Israel has been in the news lately for an increase in COVID infections and hospitalizations, despite being one of the countries with the highest vaccination rates in its adult population and pioneers in administering booster doses.
Statistics compiled by the Oxford University-backed Our World in Data research team show that there were a record 1,892 Covid cases per million people in Israel on Wednesday, Sept. 1.
Although the high rate of positives may be due to increased testing on Sept. 1, the country has reported some of the highest infection rates in the world since mid-August, as reported by the Daily Mail.
According to the Science portal, as of Aug. 15, 514 Israelis were hospitalized with severe or critical COVID-19, a 31% increase from just 4 days earlier. Of the 514, 59% were fully vaccinated. Of those vaccinated, 87% were 60 years of age or older.
“There are so many breakthrough infections that they dominate and most of the hospitalized patients are actually vaccinated,” says Uri Shalit, a bioinformatician at the Israel Institute of Technology (Technion) who is also a consultant to the government on COVID-19. “Vaccines work, but not well enough,” he added.
On its travel warning list, the U.S. Centers for Disease Control and Prevention (CDC) has placed Israel on its travel watch list. (CDC) has placed Israel at level 4, or high alert, asking U.S. citizens to avoid travel to the destination.
Low vaccine effectiveness
Data from the UK, US, and Israel show that vaccine effectiveness has begun to decline, especially against the Delta variant, which is considered highly contagious.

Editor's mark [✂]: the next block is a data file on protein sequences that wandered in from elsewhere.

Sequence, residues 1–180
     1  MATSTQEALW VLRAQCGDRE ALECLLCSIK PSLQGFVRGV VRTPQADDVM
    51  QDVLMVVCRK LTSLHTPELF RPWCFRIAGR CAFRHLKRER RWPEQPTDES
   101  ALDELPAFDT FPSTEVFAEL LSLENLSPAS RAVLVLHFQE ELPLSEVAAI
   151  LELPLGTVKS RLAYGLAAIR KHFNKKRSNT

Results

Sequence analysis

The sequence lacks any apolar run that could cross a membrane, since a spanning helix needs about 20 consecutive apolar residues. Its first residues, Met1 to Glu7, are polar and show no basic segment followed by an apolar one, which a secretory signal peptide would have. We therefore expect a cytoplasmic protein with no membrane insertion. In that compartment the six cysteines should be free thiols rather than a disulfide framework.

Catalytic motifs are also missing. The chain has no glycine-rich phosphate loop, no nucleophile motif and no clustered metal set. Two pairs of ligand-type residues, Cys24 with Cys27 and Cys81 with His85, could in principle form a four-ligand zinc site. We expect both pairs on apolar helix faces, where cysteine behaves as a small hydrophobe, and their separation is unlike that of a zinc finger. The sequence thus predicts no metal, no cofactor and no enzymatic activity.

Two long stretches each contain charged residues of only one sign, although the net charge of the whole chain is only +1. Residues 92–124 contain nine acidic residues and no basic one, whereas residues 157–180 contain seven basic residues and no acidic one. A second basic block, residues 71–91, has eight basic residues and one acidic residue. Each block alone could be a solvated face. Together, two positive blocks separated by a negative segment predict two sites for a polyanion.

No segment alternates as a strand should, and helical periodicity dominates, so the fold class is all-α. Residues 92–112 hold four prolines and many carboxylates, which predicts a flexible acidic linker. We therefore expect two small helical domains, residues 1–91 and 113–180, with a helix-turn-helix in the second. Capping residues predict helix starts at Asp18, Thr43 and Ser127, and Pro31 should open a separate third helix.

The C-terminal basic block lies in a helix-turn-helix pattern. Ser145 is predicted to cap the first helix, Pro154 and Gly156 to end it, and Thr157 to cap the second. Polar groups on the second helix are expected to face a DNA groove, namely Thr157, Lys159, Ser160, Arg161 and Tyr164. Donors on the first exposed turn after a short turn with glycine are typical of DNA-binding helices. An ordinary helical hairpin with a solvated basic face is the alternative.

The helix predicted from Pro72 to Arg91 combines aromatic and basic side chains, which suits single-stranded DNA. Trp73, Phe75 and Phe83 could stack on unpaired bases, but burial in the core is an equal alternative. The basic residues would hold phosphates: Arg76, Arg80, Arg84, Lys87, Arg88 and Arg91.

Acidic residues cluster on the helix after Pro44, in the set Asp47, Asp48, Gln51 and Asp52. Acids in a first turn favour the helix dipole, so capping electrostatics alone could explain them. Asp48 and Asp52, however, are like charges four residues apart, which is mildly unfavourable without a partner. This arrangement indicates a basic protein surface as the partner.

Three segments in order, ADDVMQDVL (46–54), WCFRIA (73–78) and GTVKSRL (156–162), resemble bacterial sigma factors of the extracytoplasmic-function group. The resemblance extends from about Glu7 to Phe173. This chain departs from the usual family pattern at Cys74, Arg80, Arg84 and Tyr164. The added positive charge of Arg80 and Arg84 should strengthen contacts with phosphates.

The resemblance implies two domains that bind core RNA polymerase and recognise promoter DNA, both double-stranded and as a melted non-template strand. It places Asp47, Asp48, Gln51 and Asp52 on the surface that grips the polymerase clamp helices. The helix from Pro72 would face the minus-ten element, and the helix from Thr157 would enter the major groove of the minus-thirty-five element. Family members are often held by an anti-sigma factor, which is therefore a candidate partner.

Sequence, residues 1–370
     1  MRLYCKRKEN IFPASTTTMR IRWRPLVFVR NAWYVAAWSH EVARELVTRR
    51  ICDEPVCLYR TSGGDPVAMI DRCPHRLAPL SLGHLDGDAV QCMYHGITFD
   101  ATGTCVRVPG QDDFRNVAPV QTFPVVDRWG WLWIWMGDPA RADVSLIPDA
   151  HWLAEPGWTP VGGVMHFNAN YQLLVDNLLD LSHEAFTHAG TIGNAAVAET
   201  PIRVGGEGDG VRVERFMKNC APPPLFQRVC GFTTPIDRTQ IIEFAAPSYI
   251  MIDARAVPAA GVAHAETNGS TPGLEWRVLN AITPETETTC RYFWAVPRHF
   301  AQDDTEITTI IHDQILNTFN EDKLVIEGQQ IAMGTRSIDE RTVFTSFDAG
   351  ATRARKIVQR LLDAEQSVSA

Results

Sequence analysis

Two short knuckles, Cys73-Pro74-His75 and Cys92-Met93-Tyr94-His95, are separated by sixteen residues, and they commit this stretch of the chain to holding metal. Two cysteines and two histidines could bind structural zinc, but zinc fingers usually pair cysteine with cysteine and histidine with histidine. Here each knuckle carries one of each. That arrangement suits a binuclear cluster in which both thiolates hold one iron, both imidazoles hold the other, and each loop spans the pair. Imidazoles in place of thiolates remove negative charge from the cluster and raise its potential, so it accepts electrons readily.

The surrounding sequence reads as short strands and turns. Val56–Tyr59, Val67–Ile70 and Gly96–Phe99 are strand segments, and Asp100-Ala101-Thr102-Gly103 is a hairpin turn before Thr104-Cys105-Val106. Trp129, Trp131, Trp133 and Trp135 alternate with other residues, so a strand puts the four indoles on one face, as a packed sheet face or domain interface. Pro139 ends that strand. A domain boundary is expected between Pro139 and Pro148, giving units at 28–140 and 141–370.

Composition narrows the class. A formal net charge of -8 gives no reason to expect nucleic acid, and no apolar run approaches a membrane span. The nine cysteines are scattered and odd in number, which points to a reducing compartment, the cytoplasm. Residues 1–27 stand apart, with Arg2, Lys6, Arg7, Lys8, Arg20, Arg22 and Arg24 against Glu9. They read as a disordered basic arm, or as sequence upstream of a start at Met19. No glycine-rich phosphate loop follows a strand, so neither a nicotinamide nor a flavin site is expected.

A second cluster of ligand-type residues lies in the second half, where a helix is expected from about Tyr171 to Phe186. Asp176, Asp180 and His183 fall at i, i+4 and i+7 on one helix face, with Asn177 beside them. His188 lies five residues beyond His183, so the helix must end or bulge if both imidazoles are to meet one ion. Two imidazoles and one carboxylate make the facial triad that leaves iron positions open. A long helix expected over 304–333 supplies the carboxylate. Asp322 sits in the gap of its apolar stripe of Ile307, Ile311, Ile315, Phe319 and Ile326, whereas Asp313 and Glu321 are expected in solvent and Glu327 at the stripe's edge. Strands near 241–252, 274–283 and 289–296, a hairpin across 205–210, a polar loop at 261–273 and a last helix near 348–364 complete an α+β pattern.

Despite these data, the UK is ready to implement booster shots, while Israel has already begun administering these boosters to those over 60, Canada is making them available to those considered “high risk” and the U.S. has unveiled plans to administer the booster vaccine to as many as possible.
Israel’s Kann News Channel 11 aired on August 2 an analysis of the previous day’s positive cases and hospitalizations in the over-60 population, considered the most vulnerable.
Of the 279 cases of people who tested positive for the CCP virus (or COVID-19), 250 were fully vaccinated people, 29 were from unvaccinated or partially vaccinated people, probably referring to having received one dose only.
“Here’s what it looks like in percentages: 90 percent of the cases were fully vaccinated, and 10 percent were unvaccinated or partially vaccinated,” the reporter clarified.
Health authorities have repeatedly stated that vaccines are safe and that adverse effects are extremely ‘unusual’, so they continue to recommend mass vaccination to curb COVID outbreaks. Several countries are pushing the implementation of health passports, so that people can move around freely and attend daily activities.